This key team member will be responsible for performing LCMSMS, GCFID, electrophoresis or other advanced technological testing on patient specimens. Essential Functions/ Responsibilities (other duties may be assigned): The Mass Spectrometry Laboratory Technologist is responsible for performing moderate and high complexity testing with strict adherence to regulatory requirements. All of the duties and responsibilities will be performed according to laboratory guidelines and procedures.
Molecular Lab Technologist (3rd Shift)
Health Diagnostic Laboratory, Inc. - Richmond, VA
The Laboratory Technologist in the Molecular Genetics department, is responsible for performing moderate and high complexity testing with strict adherence to regulatory requirements. All of the duties and responsibilities are performed according to laboratory guidelines and procedures.
Ceres Nanosciences, Inc. - MANASSAS, VA
Ceres is currently searching for a Research Associate to join our expanding Research and Product Development Team. The Research Associate will perform advanced lab procedures, collect/process/analyze biological fluids (and develop assays), write/amend/implement SOPs and perform tasks to support our current customers. The research associate will contribute to the development of biological sample collection and preparation tools from concept to commercialization.
Novozymes Biologicals, Inc. - Salem, VA
We are seeking an energetic, results-oriented Senior Scientist to join our R&D team, to investigate the use of microorganisms for feed and agricultural applications. Activities include developing research plans, isolating and identifying microorganisms, developing laboratory assays to screen for desired properties, and developing methods and techniques for tracking presence and effectiveness of microorganisms in use.
Senior Web & Intranet Content Editor
Janelia Farm Research Campus - Ashburn, VA
Do you desire to work on a cutting edge, non-traditional website that is visually engaging and interactive? This not your usual corporate website. Working at our Janelia campus, interested candidates can expect to join forces with bright, passionate, committed staff and some of the rock stars of the scientific community. An ideal candidate thinks outside-of-the-box by developing strategies to continue evolving the site to best meet the need of its customers, and taking the site to the next level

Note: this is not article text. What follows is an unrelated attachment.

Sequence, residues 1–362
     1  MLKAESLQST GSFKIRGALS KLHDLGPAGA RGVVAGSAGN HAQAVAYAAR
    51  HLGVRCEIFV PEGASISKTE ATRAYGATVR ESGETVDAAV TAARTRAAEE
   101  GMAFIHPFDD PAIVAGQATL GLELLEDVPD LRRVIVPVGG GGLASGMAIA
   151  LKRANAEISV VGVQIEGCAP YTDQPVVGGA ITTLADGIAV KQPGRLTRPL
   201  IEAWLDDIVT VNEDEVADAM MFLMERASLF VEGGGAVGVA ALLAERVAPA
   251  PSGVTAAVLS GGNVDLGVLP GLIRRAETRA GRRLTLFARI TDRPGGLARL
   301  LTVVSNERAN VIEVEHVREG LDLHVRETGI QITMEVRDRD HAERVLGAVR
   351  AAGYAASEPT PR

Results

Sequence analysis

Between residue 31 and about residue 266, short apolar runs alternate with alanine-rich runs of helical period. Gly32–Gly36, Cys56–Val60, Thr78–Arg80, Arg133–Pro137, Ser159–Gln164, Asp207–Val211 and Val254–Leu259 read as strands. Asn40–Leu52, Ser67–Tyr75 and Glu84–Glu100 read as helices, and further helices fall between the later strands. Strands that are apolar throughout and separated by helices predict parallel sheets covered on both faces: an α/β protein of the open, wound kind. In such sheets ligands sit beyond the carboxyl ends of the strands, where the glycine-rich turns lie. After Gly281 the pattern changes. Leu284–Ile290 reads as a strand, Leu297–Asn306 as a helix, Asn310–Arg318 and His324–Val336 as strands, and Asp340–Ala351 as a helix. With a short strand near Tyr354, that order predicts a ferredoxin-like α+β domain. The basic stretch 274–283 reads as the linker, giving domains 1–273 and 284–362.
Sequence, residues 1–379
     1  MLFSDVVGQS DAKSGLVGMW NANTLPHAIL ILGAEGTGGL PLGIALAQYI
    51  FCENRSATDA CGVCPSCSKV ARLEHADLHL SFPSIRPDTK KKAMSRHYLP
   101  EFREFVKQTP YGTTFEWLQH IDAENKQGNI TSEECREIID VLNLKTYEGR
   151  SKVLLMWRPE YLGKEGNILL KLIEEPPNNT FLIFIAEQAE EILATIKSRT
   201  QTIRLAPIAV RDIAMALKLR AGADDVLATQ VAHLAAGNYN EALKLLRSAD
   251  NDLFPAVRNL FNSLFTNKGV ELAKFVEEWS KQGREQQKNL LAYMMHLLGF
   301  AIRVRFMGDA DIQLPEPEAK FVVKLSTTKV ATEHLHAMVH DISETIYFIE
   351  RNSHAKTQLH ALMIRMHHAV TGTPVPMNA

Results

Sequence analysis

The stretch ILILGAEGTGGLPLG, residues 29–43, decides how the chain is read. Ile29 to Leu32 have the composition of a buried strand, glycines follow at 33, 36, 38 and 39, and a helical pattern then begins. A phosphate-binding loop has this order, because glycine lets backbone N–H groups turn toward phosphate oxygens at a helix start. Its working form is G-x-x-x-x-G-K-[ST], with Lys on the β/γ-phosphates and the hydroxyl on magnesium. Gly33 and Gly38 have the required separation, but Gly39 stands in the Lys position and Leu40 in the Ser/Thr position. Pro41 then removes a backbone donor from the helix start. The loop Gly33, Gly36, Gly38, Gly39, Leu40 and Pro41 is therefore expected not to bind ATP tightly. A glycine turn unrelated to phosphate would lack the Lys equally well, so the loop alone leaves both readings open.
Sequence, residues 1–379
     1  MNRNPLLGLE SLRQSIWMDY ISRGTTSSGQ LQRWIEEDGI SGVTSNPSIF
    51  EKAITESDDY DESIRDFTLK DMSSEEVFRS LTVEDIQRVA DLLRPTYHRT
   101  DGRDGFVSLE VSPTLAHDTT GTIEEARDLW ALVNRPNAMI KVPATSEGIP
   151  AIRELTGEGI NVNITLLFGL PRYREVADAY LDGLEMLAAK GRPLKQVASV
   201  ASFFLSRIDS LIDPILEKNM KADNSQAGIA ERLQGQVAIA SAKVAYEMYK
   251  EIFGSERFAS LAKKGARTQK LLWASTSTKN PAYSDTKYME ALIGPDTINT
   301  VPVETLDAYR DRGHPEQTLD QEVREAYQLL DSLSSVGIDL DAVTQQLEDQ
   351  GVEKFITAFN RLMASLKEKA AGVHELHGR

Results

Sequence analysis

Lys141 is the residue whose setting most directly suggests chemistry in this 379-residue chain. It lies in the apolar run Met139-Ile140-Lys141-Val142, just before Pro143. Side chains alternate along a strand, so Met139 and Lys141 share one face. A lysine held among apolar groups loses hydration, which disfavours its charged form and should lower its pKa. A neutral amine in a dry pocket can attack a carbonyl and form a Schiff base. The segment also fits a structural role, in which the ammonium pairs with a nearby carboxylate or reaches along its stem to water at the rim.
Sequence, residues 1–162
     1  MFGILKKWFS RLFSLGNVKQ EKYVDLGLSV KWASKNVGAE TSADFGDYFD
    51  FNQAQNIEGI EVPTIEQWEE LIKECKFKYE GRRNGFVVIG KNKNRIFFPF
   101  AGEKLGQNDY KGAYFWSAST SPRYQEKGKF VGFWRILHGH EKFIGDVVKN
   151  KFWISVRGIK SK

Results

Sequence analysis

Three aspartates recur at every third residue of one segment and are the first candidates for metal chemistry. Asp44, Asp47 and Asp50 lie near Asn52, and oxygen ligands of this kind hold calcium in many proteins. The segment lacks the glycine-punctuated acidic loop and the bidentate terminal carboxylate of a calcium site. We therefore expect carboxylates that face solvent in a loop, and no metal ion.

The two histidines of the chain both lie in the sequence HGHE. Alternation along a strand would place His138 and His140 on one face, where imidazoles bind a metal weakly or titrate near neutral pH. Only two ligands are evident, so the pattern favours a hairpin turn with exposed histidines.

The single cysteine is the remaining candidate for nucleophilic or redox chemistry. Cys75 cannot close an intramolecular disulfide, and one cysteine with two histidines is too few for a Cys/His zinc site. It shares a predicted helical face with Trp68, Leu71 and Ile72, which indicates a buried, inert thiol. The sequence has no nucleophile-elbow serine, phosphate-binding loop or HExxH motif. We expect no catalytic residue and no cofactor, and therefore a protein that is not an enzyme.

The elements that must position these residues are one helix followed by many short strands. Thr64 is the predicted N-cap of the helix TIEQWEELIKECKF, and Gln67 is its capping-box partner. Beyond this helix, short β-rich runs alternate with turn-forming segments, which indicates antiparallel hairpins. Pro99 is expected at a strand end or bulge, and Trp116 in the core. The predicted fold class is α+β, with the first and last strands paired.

Special Chemistry Lab Technologist (2nd & 3rd Shift)
Health Diagnostic Laboratory, Inc. - Richmond, VA
As a Laboratory Technologist you will be responsible for performing moderate and high complexity testing with strict adherence to regulatory requirements. All of the duties and responsibilities will be performed according to laboratory guidelines and procedures.
Health Diagnostic Laboratory, Inc. - Richmond, VA
This key team player will support the laboratory with technical instrumentation and assay expertise by facilitating the purchase, acquisition, programming, operation, training and troubleshooting of laboratory instruments. This individual may also assist with managing the daily operation of the laboratory.
Medical Sales Territory Manager - Nationwide
Milliken Healthcare Products, LLC - Various US Locations, SC
The Account Manager role is responsible for aggressively defending and rapidly expanding a specific geographic region by driving new business development. This role will be responsible for protecting current business, prospecting new opportunities, delivering intense customer support along with industry networking and education as well as meeting bold year over year business growth objectives. This role reports to the National Sales Manager.
View more jobs at the VABIO Career Center
at 12:50 PM
Thursday, March 01, 2012
WE WORK FOR HEALTH VIRGINIA COALITION LAUNCHED IN RICHMOND
President & CEO Barry DuVal & Virginia BIO Executive Director
Mark Herzog to Co-Chair Effort Highlighting Biopharmaceutical Industry’s
Contributions to Virginia’s Economy and to the Health of Virginians
Feb. 29, 2012; Richmond – Former Virginia State Senator Edd Houck, Virginia Chamber of Commerce President & CEO Barry DuVal, and Virginia Biotechnology Association Executive Director Mark Herzog announced the formation of the We Work for Health Virginia coalition this morning in Richmond. This coalition will highlight the important contributions that the biopharmaceutical sector makes to the Commonwealth’s economy and to the health of Virginians.